Today, we explore Small. The University of Houston's College of Engineering presents this series about the machines that make our civilization run, and the people whose ingenuity created them.
We've heard this phrase before: "Space, the final frontier." But another exciting frontier has emerged. It's on the opposite side of the scale — the world of small dimensions. As we step into this elusive and mysterious world, the questions remain: how far can we go and what lies at the far end of this world?
The other day, my students and I were discussing an image of nanoparticles — ones close to billionth of a meter in size. These were ceramic particles embedded in solid polymer electrolyte for potential use in lithium ion batteries. The image was taken using scanning electron microscopy. This image would have been impossible in early 1900s when only optical microscopy was available.
Scanning Electron Microscopy (SEM) image of Hydroxy Apatite nanoparticles (Eric Wood and Haleh Ardebili, University of Houston)
In those days, imaging was limited to millionth of a meter. Nothing smaller could be viewed. We've now dramatically advanced. We can even take images of tenth of nanometer — the size of atoms. Yes, we can finally see a single atom. This can be done with high-resolution transmission electron microscopy.
SEM of HA nanoparticles
(Eric Wood and Haleh Ardebili, University of Houston)
My student and I also analyzed a molecular dynamic simulation of polymer chains wrapped around a nanoparticle. The computer simulation snapshot represented pico-second of molecular interactions. That's a nano-second divided by a thousand or 10 to the power of -12. Very small time for us, but large enough time for the polymer chain to undergo thermally driven segmental motion.
Nano, pico, small dimensions, small times: Small has been a common research theme for the past several decades.
In December of 1959, the physicist Richard Feynman gave a lecture at the American Physical Society at Caltech. He talked about the manipulation of materials at small scales. The title of his famous talk was "There's Plenty of Room at the Bottom."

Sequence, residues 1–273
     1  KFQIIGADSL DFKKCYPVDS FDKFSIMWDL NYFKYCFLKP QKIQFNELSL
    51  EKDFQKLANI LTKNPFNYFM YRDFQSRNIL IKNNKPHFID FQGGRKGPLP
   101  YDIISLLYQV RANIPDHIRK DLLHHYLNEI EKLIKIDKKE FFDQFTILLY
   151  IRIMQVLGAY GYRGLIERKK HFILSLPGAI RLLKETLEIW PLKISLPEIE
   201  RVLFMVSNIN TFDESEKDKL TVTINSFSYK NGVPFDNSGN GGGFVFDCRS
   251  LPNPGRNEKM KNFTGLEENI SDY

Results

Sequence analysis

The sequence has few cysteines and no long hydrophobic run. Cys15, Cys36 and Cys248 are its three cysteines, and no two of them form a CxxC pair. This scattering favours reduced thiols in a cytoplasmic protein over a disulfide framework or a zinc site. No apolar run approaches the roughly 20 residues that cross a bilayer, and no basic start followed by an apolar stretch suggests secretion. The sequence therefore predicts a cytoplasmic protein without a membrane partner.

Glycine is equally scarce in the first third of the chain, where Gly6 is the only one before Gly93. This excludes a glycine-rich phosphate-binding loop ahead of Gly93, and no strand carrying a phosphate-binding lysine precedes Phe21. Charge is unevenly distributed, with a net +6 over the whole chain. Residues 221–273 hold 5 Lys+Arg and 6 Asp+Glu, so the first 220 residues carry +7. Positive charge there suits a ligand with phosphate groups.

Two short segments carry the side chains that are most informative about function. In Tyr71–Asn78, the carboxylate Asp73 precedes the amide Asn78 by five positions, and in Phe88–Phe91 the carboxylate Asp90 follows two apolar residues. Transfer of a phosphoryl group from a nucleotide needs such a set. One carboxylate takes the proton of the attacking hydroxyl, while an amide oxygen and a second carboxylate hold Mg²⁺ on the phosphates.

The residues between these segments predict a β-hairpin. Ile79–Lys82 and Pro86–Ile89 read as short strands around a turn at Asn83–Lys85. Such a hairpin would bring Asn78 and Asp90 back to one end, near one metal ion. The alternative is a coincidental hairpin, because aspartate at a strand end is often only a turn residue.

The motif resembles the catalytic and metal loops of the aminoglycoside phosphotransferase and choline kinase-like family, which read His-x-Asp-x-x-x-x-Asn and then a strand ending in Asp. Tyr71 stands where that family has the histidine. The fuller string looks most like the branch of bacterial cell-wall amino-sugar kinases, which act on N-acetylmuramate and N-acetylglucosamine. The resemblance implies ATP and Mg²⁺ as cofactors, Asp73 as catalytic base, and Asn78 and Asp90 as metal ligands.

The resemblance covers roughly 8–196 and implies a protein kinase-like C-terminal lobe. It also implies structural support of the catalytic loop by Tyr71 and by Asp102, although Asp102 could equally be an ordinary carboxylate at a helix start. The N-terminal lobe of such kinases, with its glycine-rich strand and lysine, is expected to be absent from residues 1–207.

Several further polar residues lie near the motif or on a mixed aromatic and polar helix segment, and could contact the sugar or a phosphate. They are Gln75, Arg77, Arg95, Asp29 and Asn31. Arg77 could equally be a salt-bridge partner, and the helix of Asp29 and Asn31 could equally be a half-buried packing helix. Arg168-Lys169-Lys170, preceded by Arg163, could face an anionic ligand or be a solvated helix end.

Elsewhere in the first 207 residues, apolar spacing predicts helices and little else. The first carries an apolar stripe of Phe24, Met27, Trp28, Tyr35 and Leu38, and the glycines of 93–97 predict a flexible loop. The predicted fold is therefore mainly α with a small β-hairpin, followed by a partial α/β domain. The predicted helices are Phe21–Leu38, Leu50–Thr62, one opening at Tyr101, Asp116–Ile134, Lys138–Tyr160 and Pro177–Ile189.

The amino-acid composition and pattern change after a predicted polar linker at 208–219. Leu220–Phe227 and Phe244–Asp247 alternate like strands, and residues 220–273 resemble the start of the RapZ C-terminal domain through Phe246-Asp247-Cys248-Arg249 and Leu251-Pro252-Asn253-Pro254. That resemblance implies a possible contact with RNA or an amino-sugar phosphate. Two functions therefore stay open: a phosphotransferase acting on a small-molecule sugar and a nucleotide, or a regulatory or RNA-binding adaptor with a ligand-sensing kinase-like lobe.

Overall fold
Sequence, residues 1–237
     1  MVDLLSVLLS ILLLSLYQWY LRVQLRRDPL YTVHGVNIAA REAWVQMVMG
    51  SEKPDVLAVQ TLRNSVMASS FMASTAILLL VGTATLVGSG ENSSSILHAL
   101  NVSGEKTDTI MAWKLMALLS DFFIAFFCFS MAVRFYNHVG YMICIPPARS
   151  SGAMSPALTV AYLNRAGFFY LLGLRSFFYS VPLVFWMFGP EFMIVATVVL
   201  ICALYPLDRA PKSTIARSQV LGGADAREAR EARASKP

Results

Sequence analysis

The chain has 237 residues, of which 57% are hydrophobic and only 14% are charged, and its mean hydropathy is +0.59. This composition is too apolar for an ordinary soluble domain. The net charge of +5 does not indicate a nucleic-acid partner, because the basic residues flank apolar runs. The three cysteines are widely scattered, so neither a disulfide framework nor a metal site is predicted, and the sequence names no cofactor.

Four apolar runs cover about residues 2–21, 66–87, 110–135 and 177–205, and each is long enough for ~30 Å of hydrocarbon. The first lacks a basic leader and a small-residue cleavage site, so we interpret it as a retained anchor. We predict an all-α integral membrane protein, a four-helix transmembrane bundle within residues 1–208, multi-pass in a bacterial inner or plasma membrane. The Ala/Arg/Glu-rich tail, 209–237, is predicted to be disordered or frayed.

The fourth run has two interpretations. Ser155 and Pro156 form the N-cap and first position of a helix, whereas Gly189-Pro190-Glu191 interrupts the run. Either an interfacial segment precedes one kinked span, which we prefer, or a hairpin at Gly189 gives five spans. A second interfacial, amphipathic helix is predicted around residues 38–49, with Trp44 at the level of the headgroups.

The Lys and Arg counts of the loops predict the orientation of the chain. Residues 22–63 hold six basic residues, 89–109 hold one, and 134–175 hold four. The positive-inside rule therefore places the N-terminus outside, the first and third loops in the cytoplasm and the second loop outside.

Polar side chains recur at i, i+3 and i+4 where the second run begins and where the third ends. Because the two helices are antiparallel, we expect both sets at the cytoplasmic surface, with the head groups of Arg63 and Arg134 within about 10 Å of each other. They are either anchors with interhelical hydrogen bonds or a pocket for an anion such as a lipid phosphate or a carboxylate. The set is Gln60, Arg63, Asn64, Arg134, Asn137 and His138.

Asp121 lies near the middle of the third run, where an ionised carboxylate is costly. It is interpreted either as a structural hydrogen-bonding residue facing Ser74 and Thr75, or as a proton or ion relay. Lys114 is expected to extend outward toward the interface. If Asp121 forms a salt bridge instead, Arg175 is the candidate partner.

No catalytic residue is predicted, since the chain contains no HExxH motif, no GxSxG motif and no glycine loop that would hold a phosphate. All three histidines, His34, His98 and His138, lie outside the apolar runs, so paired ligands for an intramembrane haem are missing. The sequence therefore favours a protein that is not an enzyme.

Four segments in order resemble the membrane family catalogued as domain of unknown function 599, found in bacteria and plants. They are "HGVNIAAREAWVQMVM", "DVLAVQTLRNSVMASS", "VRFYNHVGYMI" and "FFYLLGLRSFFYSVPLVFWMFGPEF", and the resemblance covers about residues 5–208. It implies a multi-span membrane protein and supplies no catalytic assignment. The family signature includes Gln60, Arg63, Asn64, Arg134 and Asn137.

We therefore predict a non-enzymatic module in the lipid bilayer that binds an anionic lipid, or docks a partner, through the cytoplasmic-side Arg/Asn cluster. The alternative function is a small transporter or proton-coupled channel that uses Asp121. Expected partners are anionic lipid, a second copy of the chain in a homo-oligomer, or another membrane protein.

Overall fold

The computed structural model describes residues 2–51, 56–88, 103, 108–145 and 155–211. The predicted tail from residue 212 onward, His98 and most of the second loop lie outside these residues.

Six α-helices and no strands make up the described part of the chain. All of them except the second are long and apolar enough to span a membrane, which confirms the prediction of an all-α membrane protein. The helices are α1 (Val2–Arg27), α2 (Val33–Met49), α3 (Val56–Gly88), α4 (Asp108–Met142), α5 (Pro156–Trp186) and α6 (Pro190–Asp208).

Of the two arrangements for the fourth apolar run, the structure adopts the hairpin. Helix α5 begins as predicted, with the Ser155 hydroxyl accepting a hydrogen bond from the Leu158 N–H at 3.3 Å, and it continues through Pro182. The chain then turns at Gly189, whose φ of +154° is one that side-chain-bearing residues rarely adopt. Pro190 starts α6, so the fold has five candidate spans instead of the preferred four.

Since then, we've made significant advances in the world of small' We can build nano-motors and nano-robots. We can fabricate nano-circuits and nanoparticles. We can even image at atomic scale.
A scanning electron microscopy chamber. Wikipedia image.
What is on the horizon for us? Our theories guide us toward target discoveries but we need highly sophisticated machines and instruments to actually get us there. As we approach smaller and smaller dimensions, it becomes increasingly evident that, given our current technologies, our targets may be disappearing out of our reach. So, we continue to seek new technologies and novel approaches to explore this mysterious world of small.
Molecular Dynamics (MD) simulation snapshot of polymer chains wrapped around a nanoparticle; the size of the simulation box is 3.5 nm; the spherical nanoparticle is about 1 nm (Qin Li and Haleh Ardebili, University of Houston).
I'm Haleh Ardebili at the University of Houston, where we're interested in the way inventive minds work.
Richard Feynman: "There's Plenty of Room at the Bottom" http://calteches.library.caltech.edu/47/2/1960Bottom.pdf.
This episode was first aired on October 12, 2012